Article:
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One-Thing Thursday Archive
Energy Conservation
One thing you can do...
Consider the following at work and at home:

Purchase LEDs the next time you replace lights at work or home
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February 4, 2010
Light Emitting Diodes, or LEDs, have emerged as a new contender for the greenest source of light. LED bulbs are based on the same technology as the cool-running holiday lights you may be familiar with. Over the last decade, scientists have improved the performance of these lights. Now, some cities and state agencies use them for street lights and parking lot lights.
 
Advantages of LED lights include the following:
  1. Low energy use (can be half of a CFL or about 1/10th of an incandescent/halogen lamp).
  2. Very long life (five times that of a CFL or 50 times that of an incandescent).
  3. Do not contain toxic chemicals and do not require special handling or disposal. 
The table below compares three types of lighting - incandescent, CFL and LED.
Bulb Type
Light Intensity
Energy Usage
Typical Bulb Life
Typical Bulb Cost
Disposal
Incandescent
800 Lumens
60 Watts
1000 hours
$0.40
May contain lead
CFL
800 Lumens
15 Watts
10,000 hours
$1.00
Need to recycle – contains mercury
LED
800 Lumens
8 Watts
50,000 hours
$60.00
No constraints
 
Contributed by Devidas Gupta.

Dress in layers at work
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October 15, 2009
Layers allow for maximum flexibility to maintain your comfort on "transitional" days. Over the month of October, state office buildings transition to heating season. This means that maintenance crews turn off the chillers (air conditioners) and turn on the boilers (heaters). It also means we may experience days when our building is a little too warm or too cold. 
 
Please bear with the crew as they calibrate the thousands of sensors in state buildings and work out kinks on the many boilers that sat unused all summer.

Reduce the use of lights in buildings
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May 28, 2009
Every biennium, DAS spends nearly one million dollars to operate lights in its buildings. In general, the U.S. expends huge amounts of energy at night. About 70 percent of nighttime energy use lights empty office buildings. 
 
In state buildings, most of the lighting load runs overhead or security lights. The less time the overhead lights operate, the more money the state will save. Use task lights instead of overhead lights whenever possible. Don't operate the lights on an entire floor for one or two people who work late. Turn the lights out as part of a nightly sweep, when you turn off the copy machine, shredder and other common plug loads.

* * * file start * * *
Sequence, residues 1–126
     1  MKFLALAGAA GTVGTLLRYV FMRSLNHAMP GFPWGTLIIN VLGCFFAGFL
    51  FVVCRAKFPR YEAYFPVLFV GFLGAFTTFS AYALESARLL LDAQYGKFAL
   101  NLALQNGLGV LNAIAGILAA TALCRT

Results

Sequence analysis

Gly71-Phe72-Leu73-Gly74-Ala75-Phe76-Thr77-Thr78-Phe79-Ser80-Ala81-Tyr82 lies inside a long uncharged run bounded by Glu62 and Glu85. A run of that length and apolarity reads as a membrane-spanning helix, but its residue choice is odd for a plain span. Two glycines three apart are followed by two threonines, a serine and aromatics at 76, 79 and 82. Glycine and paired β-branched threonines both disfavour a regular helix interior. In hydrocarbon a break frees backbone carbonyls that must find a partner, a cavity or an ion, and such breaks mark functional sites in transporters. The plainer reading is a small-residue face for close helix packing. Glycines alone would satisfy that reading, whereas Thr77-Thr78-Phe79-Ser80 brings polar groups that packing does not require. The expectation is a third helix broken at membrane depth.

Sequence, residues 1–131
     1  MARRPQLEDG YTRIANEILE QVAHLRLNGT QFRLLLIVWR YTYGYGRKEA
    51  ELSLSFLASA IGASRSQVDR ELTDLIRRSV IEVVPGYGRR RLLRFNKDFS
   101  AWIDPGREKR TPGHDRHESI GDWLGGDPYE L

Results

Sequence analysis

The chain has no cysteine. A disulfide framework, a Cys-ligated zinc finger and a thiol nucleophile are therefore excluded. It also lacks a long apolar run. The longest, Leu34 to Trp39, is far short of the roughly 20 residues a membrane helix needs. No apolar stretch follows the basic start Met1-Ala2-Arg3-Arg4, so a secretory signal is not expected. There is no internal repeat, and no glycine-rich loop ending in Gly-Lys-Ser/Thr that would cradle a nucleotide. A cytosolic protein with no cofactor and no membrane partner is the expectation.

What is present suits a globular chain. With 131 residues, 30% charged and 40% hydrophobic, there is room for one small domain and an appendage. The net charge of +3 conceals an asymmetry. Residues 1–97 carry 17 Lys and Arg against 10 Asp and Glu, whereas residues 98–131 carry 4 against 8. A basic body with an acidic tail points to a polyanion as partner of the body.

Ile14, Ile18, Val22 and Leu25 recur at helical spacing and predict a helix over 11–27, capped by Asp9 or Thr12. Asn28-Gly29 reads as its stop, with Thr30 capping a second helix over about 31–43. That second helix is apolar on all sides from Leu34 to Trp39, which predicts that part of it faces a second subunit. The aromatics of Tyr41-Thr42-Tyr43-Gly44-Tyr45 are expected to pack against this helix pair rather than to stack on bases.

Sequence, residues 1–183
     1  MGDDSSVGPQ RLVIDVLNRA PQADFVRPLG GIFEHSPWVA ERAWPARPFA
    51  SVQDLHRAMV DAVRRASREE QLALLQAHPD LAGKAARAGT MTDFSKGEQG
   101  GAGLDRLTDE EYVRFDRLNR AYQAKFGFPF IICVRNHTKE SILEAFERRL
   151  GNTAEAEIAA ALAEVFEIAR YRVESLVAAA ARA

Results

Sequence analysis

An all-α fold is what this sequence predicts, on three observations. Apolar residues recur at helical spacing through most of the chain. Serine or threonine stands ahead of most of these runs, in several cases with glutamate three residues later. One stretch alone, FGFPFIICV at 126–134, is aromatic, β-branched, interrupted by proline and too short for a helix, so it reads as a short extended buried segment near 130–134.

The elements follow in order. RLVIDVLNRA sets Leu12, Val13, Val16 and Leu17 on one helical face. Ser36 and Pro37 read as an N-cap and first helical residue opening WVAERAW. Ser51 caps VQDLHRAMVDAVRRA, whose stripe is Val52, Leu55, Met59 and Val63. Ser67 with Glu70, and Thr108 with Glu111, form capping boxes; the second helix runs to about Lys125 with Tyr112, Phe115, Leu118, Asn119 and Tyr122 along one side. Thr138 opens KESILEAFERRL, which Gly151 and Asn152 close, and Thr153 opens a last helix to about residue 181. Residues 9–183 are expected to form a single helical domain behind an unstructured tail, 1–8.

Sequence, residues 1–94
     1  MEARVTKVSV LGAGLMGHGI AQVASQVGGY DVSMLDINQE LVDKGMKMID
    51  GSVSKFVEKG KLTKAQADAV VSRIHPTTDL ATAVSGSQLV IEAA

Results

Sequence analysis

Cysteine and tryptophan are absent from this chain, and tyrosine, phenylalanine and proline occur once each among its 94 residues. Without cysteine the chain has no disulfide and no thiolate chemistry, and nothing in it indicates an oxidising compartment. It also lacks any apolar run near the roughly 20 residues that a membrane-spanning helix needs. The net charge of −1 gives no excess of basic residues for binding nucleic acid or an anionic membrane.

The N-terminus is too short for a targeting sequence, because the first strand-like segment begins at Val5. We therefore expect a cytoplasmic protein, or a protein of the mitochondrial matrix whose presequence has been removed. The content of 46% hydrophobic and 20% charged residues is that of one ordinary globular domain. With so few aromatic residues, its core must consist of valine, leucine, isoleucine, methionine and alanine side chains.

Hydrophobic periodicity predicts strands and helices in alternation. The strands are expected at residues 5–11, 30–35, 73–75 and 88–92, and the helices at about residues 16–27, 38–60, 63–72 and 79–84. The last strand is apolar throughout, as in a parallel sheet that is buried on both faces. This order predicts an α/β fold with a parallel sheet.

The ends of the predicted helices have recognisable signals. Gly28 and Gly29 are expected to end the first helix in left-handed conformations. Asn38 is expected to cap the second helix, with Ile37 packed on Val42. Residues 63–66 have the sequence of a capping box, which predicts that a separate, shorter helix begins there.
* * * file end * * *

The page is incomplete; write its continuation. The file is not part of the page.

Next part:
Maintain your blinds for the weather.
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January 22, 2009
Windows can be a major source of heat loss in a building. Depending on the season, up to 10 percent of heating or cooling can escape out of windows.
 
During the heating season (winter), close blinds at night if you sit by a window, and open them in the morning. This keeps the warm air inside and the cold air outside. Any warmth the building keeps overnight means less heat to generate in the morning. That saves money and can help keep work spaces more comfortable and help you stay warm. 

Unplug your "vampire loads"
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November 6, 2008
Even though Halloween is over, we still have vampires among us.  Stand-by power, also called vampire power, refers to the electric power consumed by electronic appliances while they are switched off or in a standby mode. Very common "electricity vampires" include a power adapter which has no power-off switch, digital clocks on VCRs or microwaves, or the cradles for laptop computers or cell phones.  These vampire loads occur at work and at home, and can use up to 10% of your home electricity and 1-5% of an office building’s electricity.
 
Unplug these devices when not in use.  While it might be difficult for a VCR or microwave, it wouldn't be hard to unplug the charger for your cell phone.  In fact, you could plug many of these devices into a power surge strip for extra protection, and then just turn the on/off switch on the strip at home when you go to bed at night, or at work when you leave for the day.

Install compact fluorescent lights
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October 16, 2008
 
As we move toward the end of daylight savings time, consider replacing the incandescent light bulbs in your house with compact fluorescent. Soon, we'll keep our lights on longer and use more electricity. Why not save some money while saving greenhouse gas emissions as well?
 
If every American home replaced just one light bulb with an ENERGY STAR-qualified compact fluorescent bulb, we would save enough energy to light more than 3 million homes for a year, save more than $600 million in annual energy costs, and prevent greenhouse gases equivalent to the emissions of more than 800,000 cars. http://www.energystar.gov/index.cfm?c=cfls.pr_cfls
 
If your compact fluorescents have burned out (yes, they eventually burn out) take them to Home Depot for free recycling.